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Vis Neurosci. 2001 Nov-Dec;18(6):941-8.

Temporal-frequency tuning of cross-orientation suppression in the cat striate cortex.

Author information

1
Department of Electrical Engineering and Computer Science, Vanderbilt University, Nashville, Tennessee 37235, USA.

Abstract

A sinusoidal mask grating oriented orthogonally to and superimposed onto an optimally oriented base grating reduces a cortical neuron's response amplitude. The spatial selectivity of cross-orientation suppression (XOR) has been described, so for this paper we investigated the temporal properties of XOR. We recorded from single striate cortical neurons (n = 72) in anesthetized and paralyzed cats. After quantifying the spatial and temporal characteristics of each cell's excitatory response to a base grating, we measured the temporal-frequency tuning of XOR by systematically varying the temporal frequency of a mask grating placed at a null orientation outside of the cell's excitatory orientation domain. The average preferred temporal frequency of the excitatory response of the neurons in our sample was 3.8 (+/- 1.5 S.D.) Hz. The average cutoff frequency for the sample was 16.3 (+/- 1.7) Hz. The average preferred temporal frequency (7.0 +/- 2.6 Hz) and cutoff frequency (20.4 +/- 6.9 Hz) of the XOR were significantly higher. The differences averaged 1.1 (+/- 0.6) octaves for the peaks and 0.3 (+/- 0.4) octaves for the cutoffs. The XOR mechanism's preference for high temporal frequencies suggests a possible extrastriate origin for the effect and could help explain the low-pass temporal-frequency response profile displayed by most striate cortical neurons.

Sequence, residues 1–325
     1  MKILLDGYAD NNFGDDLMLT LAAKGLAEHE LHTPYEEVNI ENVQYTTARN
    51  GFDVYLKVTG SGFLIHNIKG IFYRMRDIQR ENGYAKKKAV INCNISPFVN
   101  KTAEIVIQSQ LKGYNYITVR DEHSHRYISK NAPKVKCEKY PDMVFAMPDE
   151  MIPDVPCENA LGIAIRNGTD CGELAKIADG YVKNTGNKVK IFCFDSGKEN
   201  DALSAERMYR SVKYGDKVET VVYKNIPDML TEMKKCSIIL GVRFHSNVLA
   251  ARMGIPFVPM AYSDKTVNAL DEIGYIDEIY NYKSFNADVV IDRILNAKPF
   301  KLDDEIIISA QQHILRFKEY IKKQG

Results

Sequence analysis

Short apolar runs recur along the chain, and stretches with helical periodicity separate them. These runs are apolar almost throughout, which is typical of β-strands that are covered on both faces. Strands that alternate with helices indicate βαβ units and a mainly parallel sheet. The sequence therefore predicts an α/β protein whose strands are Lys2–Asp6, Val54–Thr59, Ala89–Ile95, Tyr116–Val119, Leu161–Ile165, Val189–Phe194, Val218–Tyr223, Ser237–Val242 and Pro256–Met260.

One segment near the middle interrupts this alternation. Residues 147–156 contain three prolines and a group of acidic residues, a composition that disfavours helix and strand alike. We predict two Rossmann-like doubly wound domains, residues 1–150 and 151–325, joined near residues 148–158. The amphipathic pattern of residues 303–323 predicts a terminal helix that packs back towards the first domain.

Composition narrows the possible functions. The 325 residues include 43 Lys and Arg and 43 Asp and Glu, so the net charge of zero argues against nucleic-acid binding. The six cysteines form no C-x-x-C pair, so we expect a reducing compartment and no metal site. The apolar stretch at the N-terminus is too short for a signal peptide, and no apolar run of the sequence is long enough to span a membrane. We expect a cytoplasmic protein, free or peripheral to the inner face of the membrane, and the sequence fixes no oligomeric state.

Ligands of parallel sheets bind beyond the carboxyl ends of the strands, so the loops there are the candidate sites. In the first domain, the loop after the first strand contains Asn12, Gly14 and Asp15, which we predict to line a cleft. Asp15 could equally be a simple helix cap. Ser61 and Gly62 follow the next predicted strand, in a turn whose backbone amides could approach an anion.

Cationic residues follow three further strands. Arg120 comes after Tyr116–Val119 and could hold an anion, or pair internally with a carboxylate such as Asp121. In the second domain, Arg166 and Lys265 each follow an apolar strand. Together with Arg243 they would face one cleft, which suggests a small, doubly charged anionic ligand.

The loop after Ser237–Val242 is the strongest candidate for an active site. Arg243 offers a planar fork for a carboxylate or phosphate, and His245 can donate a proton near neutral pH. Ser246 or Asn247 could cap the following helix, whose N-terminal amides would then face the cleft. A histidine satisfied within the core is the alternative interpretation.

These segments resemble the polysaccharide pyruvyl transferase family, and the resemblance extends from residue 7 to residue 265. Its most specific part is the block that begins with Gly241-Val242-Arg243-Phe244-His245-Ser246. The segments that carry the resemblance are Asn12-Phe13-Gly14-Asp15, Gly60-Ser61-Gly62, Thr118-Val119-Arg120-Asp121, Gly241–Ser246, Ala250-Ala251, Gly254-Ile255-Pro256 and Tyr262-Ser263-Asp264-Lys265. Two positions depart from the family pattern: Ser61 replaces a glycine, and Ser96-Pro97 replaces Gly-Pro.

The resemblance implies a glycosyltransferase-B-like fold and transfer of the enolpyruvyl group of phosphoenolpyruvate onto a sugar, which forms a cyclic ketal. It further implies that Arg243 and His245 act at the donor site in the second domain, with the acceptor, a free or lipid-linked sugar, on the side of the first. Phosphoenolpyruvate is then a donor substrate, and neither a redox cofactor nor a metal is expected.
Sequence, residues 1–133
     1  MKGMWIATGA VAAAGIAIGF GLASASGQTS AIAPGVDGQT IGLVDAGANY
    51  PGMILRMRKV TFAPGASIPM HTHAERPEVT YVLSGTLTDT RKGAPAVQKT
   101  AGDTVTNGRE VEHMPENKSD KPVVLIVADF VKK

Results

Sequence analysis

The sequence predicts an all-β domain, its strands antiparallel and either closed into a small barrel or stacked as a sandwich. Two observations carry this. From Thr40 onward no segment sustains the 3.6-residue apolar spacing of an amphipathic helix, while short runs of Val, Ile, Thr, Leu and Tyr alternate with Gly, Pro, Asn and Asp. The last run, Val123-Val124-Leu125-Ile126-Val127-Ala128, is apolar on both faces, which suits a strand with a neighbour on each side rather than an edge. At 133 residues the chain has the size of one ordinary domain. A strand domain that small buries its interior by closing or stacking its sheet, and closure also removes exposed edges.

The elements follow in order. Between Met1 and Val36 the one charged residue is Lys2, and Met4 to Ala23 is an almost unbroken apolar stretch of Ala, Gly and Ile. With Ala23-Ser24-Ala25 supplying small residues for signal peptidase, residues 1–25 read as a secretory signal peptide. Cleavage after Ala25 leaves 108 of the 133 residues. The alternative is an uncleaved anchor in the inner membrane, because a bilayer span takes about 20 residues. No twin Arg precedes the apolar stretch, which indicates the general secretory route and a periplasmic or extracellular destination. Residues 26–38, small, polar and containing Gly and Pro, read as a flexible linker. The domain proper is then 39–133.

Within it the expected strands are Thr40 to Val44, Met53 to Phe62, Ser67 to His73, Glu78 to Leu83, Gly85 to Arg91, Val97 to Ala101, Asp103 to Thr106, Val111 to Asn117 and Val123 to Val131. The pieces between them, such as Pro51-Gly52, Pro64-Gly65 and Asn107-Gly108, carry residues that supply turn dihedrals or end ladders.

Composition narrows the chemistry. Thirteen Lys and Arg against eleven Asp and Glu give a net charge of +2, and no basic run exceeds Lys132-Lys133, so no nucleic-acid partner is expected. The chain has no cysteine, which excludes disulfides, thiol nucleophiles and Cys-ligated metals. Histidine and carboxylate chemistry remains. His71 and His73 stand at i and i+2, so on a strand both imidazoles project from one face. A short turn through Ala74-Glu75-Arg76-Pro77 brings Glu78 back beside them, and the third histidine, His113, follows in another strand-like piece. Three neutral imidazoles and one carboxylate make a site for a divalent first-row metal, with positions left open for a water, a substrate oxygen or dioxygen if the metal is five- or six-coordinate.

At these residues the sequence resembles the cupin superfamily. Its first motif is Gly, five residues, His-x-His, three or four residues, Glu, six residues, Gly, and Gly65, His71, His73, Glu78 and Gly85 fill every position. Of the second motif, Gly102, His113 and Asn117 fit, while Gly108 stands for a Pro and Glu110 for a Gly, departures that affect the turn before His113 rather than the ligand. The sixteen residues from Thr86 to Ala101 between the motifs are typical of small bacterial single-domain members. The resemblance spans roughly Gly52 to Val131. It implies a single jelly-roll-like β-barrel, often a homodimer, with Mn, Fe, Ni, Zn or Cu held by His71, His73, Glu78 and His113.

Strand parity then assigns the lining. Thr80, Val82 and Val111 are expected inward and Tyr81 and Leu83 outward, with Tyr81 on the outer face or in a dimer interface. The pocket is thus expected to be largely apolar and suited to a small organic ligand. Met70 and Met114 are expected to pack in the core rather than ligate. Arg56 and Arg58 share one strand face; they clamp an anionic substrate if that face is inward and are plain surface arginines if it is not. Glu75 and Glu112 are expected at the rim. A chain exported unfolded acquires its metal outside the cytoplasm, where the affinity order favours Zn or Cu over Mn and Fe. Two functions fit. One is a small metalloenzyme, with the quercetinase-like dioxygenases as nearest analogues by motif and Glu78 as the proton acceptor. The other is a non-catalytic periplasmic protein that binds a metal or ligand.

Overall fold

PMID:
12020085
[Indexed for MEDLINE]
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